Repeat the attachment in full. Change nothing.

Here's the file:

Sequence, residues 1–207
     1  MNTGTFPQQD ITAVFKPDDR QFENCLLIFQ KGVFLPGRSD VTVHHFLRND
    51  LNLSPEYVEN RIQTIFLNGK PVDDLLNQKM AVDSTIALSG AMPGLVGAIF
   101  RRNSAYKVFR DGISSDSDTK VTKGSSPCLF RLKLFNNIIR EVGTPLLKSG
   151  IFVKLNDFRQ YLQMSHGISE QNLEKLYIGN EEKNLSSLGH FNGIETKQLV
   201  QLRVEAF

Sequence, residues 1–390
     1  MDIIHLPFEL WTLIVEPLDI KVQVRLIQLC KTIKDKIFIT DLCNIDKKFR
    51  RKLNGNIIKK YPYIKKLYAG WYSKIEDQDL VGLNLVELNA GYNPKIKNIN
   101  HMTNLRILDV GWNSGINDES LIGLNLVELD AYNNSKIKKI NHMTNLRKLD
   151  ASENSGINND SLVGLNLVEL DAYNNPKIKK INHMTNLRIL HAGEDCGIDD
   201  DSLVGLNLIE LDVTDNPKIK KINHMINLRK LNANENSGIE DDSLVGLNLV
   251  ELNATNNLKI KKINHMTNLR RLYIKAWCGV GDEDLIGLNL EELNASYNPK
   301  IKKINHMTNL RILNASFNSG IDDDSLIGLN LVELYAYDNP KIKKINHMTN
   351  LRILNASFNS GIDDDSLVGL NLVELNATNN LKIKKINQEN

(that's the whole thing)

Sequence, residues 1–207
     1  MNTGTFPQQD ITAVFKPDDR QFENCLLIFQ KGVFLPGRSD VTVHHFLRND
    51  LNLSPEYVEN RIQTIFLNGK PVDDLLNQKM AVDSTIALSG AMPGLVGAIF
   101  RRNSAYKVFR DGISSDSDTK VTKGSSPCLF RLKLFNNIIR EVGTPLLKSG
   151  IFVKLNDFRQ YLQMSHGISE QNLEKLYIGN EEKNLSSLGH FNGIETKQLV
   201  QLRVEAF

Sequence, residues 1–390
     1  MDIIHLPFEL WTLIVEPLDI KVQVRLIQLC KTIKDKIFIT DLCNIDKKFR
    51  RKLNGNIIKK YPYIKKLYAG WYSKIEDQDL VGLNLVELNA GYNPKIKNIN
   101  HMTNLRILDV GWNSGINDES LIGLNLVELD AYNNSKIKKI NHMTNLRKLD
   151  ASENSGINND SLVGLNLVEL DAYNNPKIKK INHMTNLRIL HAGEDCGIDD
   201  DSLVGLNLIE LDVTDNPKIK KINHMINLRK LNANENSGIE DDSLVGLNLV
   251  ELNATNNLKI KKINHMTNLR RLYIKAWCGV GDEDLIGLNL EELNASYNPK
   301  IKKINHMTNL RILNASFNSG IDDDSLIGLN LVELYAYDNP KIKKINHMTN
   351  LRILNASFNS GIDDDSLVGL NLVELNATNN LKIKKINQEN